Pair of Lancet studies give final word on a promising Shionogi antibiotic that turned out to be 'as good' as the other 'suboptimal' options
Last October, the FDA OK’d a semi-controversial new antibiotic from Shionogi.
In one of two large studies for the drug, known chemically as cefiderocol and commercially as Fetroja, more patients died in the treatment arm than the control arm. But it had already cleared another randomized controlled trial and the agency determined the benefits at a time of growing drug resistance outweighed the risk.
Now, a year and an expanded approval later, Shionogi has published the full results from both of those studies in a single issue of The Lancet Infectious Disease. And while the papers don’t provide any radically new information, they give a final, tempered note on the benefits of a drug that was developed for its new and promising approach to resistant bacteria, but whose late-stage trials left as many questions and answers.
“The best interpretation of cefiderocol that can be gleaned from these studies is that it is as good as comparator agents that are frankly suboptimal,” University of Maryland School of Medicine professor Emily Heil and Johns Hopkins pediatrics professor Pranita Tamma wrote in a concurrent review.
The results “have admittedly tempered some of our initial enthusiasm for cefiderocol, and more data are needed to confidently define its role in the treatment of drug-resistant infections,” they added.
Heil and Tamma titled the review “Cefiderocol: the Trojan horse has arrived but will Troy fall?” Fetroja earned the Grecian moniker because it entered bacteria through the iron transport pathway they rely on to survive, offering a gateway through the cell wall that helps gram-negative bacteria avoid antibiotics and circumventing several of the key methods they use to evolve drug resistance. Unlike other experimental antibiotics, it also was active against a variety of bacteria as opposed to any single one.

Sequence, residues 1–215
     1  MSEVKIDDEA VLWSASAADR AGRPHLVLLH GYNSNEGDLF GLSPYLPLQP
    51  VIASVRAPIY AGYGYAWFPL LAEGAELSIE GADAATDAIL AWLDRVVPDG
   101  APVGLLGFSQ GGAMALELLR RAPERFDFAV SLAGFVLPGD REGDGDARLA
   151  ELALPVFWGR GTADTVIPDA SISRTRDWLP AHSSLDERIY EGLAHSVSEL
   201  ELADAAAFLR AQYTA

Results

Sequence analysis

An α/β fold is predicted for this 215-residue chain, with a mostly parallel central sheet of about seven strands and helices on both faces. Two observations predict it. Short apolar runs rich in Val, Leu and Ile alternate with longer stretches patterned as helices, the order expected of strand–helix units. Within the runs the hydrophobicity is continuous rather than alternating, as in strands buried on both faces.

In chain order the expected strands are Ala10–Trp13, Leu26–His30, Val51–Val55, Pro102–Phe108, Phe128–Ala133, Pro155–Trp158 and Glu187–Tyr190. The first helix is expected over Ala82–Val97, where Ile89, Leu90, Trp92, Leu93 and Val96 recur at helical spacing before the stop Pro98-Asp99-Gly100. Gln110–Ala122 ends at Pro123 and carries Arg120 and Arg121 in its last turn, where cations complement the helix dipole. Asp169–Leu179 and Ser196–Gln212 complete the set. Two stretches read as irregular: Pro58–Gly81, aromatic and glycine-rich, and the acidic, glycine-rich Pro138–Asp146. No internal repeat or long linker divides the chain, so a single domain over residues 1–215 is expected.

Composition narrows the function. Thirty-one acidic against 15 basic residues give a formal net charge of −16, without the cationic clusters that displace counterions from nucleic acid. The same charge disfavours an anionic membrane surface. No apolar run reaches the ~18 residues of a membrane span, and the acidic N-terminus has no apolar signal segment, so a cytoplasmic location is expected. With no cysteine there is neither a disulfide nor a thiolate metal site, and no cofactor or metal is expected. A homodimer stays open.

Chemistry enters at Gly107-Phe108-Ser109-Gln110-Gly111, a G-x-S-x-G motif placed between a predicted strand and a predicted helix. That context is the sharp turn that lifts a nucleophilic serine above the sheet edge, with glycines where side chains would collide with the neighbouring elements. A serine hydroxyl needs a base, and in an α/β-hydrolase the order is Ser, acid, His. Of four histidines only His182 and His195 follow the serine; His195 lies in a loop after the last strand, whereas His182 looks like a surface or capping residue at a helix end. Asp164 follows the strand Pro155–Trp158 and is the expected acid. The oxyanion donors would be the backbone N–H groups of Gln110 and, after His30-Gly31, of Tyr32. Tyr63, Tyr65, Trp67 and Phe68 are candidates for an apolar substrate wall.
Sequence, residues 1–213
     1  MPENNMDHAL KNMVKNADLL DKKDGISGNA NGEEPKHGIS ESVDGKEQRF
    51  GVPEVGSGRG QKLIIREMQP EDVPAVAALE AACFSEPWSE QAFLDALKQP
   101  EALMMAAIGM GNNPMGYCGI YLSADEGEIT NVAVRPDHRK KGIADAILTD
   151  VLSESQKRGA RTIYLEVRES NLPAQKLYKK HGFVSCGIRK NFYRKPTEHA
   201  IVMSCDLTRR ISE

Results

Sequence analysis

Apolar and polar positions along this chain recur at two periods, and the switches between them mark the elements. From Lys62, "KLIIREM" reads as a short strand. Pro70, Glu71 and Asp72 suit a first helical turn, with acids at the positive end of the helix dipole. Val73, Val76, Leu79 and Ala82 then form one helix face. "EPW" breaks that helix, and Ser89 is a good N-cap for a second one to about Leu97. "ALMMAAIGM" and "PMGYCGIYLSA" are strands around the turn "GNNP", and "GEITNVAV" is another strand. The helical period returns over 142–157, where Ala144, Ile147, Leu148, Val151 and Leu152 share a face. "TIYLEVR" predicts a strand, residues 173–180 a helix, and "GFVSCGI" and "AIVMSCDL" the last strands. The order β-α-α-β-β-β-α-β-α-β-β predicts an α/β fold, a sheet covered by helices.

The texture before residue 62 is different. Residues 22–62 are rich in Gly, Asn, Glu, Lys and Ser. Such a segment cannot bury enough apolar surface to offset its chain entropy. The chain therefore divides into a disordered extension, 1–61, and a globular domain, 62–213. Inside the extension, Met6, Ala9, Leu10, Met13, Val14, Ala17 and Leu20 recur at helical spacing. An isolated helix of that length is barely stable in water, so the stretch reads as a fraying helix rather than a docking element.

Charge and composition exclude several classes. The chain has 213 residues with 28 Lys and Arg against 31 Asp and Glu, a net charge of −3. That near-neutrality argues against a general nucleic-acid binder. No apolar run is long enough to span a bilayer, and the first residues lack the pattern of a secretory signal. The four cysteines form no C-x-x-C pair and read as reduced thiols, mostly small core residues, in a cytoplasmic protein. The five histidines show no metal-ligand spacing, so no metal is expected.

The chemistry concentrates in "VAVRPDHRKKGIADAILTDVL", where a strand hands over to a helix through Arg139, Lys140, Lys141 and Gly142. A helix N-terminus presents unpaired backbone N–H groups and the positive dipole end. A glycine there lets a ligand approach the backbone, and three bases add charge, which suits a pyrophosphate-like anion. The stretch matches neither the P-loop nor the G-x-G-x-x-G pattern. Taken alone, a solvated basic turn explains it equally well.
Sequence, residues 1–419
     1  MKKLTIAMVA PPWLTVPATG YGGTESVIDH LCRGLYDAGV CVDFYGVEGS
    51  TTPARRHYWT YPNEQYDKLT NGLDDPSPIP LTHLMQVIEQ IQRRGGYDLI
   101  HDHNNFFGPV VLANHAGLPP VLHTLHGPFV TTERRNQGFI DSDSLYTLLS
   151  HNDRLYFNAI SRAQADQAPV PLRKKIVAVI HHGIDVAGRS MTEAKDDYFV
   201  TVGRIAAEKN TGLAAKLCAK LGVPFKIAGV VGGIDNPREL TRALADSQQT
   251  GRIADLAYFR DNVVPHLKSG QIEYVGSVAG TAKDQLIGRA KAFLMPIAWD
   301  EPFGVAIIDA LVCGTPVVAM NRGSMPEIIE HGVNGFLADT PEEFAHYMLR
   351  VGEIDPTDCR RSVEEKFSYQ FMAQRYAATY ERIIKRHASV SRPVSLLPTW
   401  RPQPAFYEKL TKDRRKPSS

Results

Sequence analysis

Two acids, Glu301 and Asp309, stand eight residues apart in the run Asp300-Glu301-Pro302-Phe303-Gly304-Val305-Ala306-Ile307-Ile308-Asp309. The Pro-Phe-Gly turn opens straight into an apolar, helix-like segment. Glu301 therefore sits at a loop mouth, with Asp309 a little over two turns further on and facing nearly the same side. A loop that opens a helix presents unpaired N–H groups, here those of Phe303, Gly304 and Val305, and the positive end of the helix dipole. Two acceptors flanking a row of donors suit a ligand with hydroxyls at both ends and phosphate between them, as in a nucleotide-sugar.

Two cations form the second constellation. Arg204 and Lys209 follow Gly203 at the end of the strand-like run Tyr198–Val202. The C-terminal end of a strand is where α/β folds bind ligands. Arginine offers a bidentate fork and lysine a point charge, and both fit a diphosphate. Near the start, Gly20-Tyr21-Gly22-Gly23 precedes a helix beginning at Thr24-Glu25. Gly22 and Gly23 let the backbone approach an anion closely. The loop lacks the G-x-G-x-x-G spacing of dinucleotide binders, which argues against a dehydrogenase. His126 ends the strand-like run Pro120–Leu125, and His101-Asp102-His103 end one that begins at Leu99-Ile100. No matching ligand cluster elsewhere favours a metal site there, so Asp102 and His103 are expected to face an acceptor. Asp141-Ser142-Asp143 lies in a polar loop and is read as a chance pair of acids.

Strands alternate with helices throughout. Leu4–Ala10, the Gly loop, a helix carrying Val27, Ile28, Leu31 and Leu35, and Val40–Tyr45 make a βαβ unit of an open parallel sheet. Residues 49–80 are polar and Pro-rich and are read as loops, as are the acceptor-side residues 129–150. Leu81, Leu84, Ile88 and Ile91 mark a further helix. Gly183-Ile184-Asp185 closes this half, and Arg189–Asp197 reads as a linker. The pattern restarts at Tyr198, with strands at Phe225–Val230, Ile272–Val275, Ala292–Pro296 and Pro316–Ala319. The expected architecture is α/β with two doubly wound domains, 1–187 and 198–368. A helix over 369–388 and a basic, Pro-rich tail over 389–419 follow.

Sure enough, in one of the Phase III studies, called APEKS-NP, Fetroja proved just as good at treating patients with hospital-acquired pneumonia as patients who received the antibiotic meropenem. The difference in deaths — from any cause — at 14 days was 0.8%, far more than close enough to meet the primary endpoint of non-inferiority. Heil and Tamma noted that 70% of patients were in severe condition, and they commended Shionogi for using meropenem, which they deemed a better comparator than what other companies had used.
In the second study, though, known as CREDIBLE-CR, patients with drug-resistant bacteria were randomly assigned to receive Fetroja or the best available therapy. Of these patients, 45% had hospital-acquired pneumonia and 31% had blood-stream infection.
The results met the primary endpoint, a physician-assessed metric known as “clinical cure,” for both types of infection.
Yet, on mortality, the data were far worse for pneumonia and blood-stream infection than for urinary tract infections. A quarter of pneumonia patients died by day 14 on the treatment, compared with 11% on the control arm. For bloodstream infections, those figures were 22% vs 11%. For complicated UTIs, though, the figures were reversed: 12% mortality in the treatment arm, 42% in the control arm.
Those high mortality rates were primarily driven by one strain of bacteria, called Acinetobacter baumannii. Shionogi attributed the mortality rates in those patients to pre-existing risk factors, echoing investigators who noted little difference in that bacteria in the APEKS study. The reviewers argued, though, that APEKS didn’t have enough A baumannii patients to draw a conclusion.
The mortality could mean Fetroja might just be a bad option for that bacteria, the reviewers wrote, but it could also mean that Fetroja just isn’t much better than the alternatives.
“It adds credence to the idea that cefiderocol is as good as, but no better than, other drugs for most carbapenem-resistant organisms,” they said.
Going forward, Heil and Tamma recommended Fetroja for complicated UTIs and as a “salvage option” for patients with most other gram-negative, drug-resistant infections. They added it was still unclear how effectively bacteria will learn to resist the new drug.
“Cefiderocol will be a valuable soldier in battles against gram-negative resistance,” they wrote, “but it probably will not win the war.”